Becoming A Mechanic? Learn Why Dodge Viper Will Cease Production in 2017

auto mechanic training school

Fiat Chrysler Automobiles (FCA) has made headlines more than once in 2015. The company faced one of the biggest fines in automotive history for mishandling recalls, had to rework the software for many of its Jeep models after a major hack, and has recently announced that it will be pulling the plug on production of its Dodge Viper for 2017.
Along with other changes, FCA’s decision to cease production of the Viper was released in the details of a new contract with the United Auto Workers Union (UAW). While the Viper has a global fan following, it simply has not sold well. It’s no surprise that this sleek American muscle car is capable of turning many heads when it rolls down any street, and it’s a car that will be missed by many auto-lovers.
If you are planning to pursue car mechanic training, read on to learn more about the history of the infamous Dodge Viper, and find out some of the items that were mentioned in the new FCA contract.

A Brief History of the Dodge Viper for Students in Car Mechanic Training

The Dodge Viper was first unveiled as a concept car at the North American International Auto Show in Detroit in 1989. At the time, Dodge was mass producing vehicles that were anything but interesting (think: Dodge Aries) in an effort to pay back government loans.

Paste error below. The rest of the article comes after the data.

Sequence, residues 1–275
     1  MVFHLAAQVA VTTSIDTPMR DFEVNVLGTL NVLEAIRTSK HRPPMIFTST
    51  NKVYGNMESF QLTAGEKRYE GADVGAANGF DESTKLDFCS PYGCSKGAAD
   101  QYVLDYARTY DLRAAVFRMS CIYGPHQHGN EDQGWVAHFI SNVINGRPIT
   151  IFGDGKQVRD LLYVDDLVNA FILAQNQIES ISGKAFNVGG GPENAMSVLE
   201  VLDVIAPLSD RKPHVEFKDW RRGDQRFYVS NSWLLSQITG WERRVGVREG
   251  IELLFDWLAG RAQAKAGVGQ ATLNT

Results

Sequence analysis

The Viper, however, was unlike anything that anyone had ever seen. It was gorgeous, sleek, and ridiculously fast thanks to its huge 8-litre V-10 engine. The car received a lot of attention in Detroit, and was an immediate hit in the auto world—even before it went into production a few years later.
The first generation Viper RT/10 roadster didn’t disappoint. Its body contours resembled the concept, except for a few small changes, such as a longer windshield and bigger rear-view mirrors. Its 8.0-litre overhead-valve V10 was one of the most powerful and unusual production engines in the world at the time. The Viper was able to go from 0-96 km/h in 4.4 seconds and beat a lot of records set by another early ’90s icon: the Chevrolet Corvette ZR-1.
Graduates of auto mechanic training school know that the Viper SRT-10—which originally began production in 2003—has a slightly larger 8.3-litre V10 capable of producing 500hp. Helping contain all this power are the widest stock rear wheels offered on a U.S. production car, at 19-by-13 inches. Modifications boosted the Viper’s maximum hp up to 510 by 2006. Today’s Viper sport coupes are equipped with a V10 similar to the original that’s capable of producing 650hp.

The 2011 hardtop Viper GTS earned its racing stripes with 450hp.
The 2011 hardtop Viper GTS earned its racing stripes with 450hp.

Other FCA Changes Will Affect Professionals With Car Mechanic Training

All Dodge Vipers are currently hand-built by about 80 employees at FCA’s Conner Avenue plant in Detroit. There are currently no plans announced for the plant once production on the Viper ceases, but auto fans and pros with car mechanic training are hoping that the company has another supercar up its sleeve.
FCA did announce, however, that it will be making changes to the current design of the eight-speed automatic transmission that’s used on almost all of its rear-wheel drive cars. The “Gen 1” to “Gen 2” switch will focus on efficiency. The company did not provide a timeline on the change, but if you’re planning to work at a facility that does maintenance and repair on a large number of FCA cars, you should be hearing more news shortly.
Are you interested in becoming a mechanic?
Visit CATI to learn more about our programs or to speak with an advisor.

Form is submitting